Trial by Fire

Written by: Haley Erb

Primary Source: Writing Rhetoric and American Cultures

Being controversial on purpose won’t get you invited to a lot of parties, but it might make you a better writer.

Defending your ideas can be terrifying; most people instinctively avoid confrontation. But debate sharpens both your ideas and your rhetoric. Early rhetoricians studied the subject for the express purpose of speaking in the public forum. They knew that ideas forged in the fire of controversy naturally become stronger – or, if they aren’t strong in the first place, burn out. And there’s nothing wrong with that. A weak idea that burns out is almost always a learning experience.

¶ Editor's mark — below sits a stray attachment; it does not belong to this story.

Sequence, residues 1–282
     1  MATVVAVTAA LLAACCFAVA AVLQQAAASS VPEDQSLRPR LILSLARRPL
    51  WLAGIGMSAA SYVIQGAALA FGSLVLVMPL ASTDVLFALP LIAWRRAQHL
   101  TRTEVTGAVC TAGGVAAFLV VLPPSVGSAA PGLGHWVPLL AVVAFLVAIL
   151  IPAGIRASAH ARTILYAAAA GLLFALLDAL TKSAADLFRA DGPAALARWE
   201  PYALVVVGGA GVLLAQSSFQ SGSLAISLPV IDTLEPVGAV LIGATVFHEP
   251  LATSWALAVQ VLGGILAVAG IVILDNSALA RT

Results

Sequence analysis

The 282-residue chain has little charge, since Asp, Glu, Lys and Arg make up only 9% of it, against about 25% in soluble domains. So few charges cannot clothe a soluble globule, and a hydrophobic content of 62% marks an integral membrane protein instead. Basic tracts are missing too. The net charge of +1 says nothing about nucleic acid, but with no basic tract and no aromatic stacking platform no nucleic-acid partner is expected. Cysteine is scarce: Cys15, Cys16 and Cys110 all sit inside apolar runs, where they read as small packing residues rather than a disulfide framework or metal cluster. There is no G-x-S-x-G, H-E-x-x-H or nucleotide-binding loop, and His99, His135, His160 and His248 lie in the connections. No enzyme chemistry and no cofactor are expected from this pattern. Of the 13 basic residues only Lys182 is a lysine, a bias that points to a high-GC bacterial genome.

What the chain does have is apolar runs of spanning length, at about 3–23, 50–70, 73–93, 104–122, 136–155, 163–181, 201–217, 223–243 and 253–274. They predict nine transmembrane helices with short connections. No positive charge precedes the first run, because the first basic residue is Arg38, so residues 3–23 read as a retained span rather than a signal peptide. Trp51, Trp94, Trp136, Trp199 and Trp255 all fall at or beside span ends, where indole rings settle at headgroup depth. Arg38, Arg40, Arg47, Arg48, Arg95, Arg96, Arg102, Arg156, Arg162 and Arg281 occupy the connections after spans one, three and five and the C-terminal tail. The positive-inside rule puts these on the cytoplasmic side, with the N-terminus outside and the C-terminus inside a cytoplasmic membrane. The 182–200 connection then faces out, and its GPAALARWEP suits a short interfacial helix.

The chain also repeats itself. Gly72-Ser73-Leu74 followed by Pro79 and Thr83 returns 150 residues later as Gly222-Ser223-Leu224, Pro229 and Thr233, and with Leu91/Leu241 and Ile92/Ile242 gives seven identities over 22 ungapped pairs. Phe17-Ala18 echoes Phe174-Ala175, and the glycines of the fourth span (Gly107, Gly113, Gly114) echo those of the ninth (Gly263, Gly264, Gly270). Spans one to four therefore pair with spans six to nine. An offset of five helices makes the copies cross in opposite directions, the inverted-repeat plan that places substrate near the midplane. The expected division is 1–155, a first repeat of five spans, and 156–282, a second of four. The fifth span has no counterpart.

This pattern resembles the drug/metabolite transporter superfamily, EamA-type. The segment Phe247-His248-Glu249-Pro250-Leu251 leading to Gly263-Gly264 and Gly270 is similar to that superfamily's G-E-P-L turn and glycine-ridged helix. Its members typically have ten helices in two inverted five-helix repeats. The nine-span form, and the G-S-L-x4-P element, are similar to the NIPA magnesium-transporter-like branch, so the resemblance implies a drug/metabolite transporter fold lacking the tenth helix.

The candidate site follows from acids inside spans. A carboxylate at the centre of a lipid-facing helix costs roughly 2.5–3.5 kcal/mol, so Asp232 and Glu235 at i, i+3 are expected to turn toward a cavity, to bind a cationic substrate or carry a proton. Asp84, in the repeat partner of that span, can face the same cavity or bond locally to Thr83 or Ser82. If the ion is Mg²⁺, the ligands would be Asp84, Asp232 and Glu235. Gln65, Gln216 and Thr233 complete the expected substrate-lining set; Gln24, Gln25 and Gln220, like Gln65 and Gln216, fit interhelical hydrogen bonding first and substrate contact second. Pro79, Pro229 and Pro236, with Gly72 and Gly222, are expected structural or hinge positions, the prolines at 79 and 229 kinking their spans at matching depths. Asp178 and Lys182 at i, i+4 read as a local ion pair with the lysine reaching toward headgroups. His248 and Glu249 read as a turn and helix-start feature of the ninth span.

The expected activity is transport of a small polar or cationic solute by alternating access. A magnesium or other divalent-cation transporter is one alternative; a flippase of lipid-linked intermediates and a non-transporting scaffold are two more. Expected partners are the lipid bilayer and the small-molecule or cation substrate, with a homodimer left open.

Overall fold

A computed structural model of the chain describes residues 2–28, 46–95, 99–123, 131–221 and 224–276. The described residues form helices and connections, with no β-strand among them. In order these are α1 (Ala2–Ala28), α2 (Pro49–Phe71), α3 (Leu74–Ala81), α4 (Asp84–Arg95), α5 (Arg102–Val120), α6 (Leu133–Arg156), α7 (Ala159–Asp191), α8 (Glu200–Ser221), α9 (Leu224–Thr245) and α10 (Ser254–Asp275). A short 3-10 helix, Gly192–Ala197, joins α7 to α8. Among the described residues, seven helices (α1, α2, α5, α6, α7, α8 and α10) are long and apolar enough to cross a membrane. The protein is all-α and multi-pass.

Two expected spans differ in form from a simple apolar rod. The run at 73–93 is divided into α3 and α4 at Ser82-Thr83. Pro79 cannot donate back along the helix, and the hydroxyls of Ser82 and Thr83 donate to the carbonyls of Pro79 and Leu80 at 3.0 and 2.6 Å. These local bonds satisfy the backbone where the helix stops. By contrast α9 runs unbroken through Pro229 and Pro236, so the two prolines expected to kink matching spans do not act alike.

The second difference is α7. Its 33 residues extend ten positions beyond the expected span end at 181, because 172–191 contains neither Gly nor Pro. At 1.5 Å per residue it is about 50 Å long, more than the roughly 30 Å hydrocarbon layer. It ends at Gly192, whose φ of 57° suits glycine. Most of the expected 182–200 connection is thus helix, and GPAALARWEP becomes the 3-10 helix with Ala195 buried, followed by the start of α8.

For some tips on how to actually go about raising some hell, check out this article at copybot.

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Haley Erb
Haley Erb is a junior in the Professional Writing program. She also studies creative writing and the digital humanities. She is a pro-oxford comma and an excellent marshmallow roaster. Willing to ramble about typography, writing, design, food, science, books, space, or pretty much anything. She can be bribed with sour candy. Follow Haley on Twitter @haleys_comma.